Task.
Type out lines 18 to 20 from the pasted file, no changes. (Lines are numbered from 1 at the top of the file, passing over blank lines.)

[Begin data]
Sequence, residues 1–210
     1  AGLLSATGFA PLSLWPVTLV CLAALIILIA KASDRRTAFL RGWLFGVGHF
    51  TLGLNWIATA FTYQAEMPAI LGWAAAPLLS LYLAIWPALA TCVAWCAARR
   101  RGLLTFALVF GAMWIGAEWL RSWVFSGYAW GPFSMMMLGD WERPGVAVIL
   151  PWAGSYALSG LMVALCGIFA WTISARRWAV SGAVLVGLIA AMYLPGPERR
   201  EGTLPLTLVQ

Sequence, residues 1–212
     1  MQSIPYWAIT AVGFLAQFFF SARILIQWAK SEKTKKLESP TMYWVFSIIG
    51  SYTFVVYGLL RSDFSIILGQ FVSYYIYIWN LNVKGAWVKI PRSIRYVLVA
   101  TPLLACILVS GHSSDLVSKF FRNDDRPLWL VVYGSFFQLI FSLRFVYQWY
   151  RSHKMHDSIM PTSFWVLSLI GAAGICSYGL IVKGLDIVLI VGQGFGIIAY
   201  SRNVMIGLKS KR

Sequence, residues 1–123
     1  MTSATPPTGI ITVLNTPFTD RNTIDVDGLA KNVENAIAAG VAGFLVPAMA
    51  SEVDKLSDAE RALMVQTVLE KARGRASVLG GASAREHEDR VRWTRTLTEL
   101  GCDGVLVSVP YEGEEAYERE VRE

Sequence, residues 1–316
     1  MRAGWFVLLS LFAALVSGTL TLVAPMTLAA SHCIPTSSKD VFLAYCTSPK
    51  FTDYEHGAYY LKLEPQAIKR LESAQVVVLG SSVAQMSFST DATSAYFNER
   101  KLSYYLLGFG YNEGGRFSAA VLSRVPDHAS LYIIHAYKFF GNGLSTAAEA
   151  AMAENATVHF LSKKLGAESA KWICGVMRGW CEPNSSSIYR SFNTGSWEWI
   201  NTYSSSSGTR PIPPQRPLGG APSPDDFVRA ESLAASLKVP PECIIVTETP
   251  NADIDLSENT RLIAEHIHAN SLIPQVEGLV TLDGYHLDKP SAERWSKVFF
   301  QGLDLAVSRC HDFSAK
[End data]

     1  MRAGWFVLLS LFAALVSGTL TLVAPMTLAA SHCIPTSSKD VFLAYCTSPK
    51  FTDYEHGAYY LKLEPQAIKR LESAQVVVLG SSVAQMSFST DATSAYFNER
   101  KLSYYLLGFG YNEGGRFSAA VLSRVPDHAS LYIIHAYKFF GNGLSTAAEA